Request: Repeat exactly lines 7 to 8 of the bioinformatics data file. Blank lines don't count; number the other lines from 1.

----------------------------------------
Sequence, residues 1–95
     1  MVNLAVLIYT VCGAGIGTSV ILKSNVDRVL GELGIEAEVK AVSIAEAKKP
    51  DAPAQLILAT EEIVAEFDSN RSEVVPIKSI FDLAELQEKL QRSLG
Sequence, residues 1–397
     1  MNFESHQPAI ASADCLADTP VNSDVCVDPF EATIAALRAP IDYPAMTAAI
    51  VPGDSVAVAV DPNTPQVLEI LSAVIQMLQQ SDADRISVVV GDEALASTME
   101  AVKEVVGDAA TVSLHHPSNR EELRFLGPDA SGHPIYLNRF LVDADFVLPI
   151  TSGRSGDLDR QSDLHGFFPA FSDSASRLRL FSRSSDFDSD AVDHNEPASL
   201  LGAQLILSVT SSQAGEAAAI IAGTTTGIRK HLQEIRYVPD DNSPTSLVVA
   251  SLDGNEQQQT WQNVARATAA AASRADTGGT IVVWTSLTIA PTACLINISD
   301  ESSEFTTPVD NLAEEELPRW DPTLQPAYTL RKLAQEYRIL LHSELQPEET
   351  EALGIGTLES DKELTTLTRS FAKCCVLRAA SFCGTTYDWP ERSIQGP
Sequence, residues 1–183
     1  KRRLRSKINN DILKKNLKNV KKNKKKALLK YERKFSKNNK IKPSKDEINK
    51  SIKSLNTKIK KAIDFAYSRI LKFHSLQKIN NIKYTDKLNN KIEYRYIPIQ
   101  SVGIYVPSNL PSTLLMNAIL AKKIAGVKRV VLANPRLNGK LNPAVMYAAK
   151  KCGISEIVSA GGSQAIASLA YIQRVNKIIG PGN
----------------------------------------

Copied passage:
   101  AVKEVVGDAA TVSLHHPSNR EELRFLGPDA SGHPIYLNRF LVDADFVLPI
   151  TSGRSGDLDR QSDLHGFFPA FSDSASRLRL FSRSSDFDSD AVDHNEPASL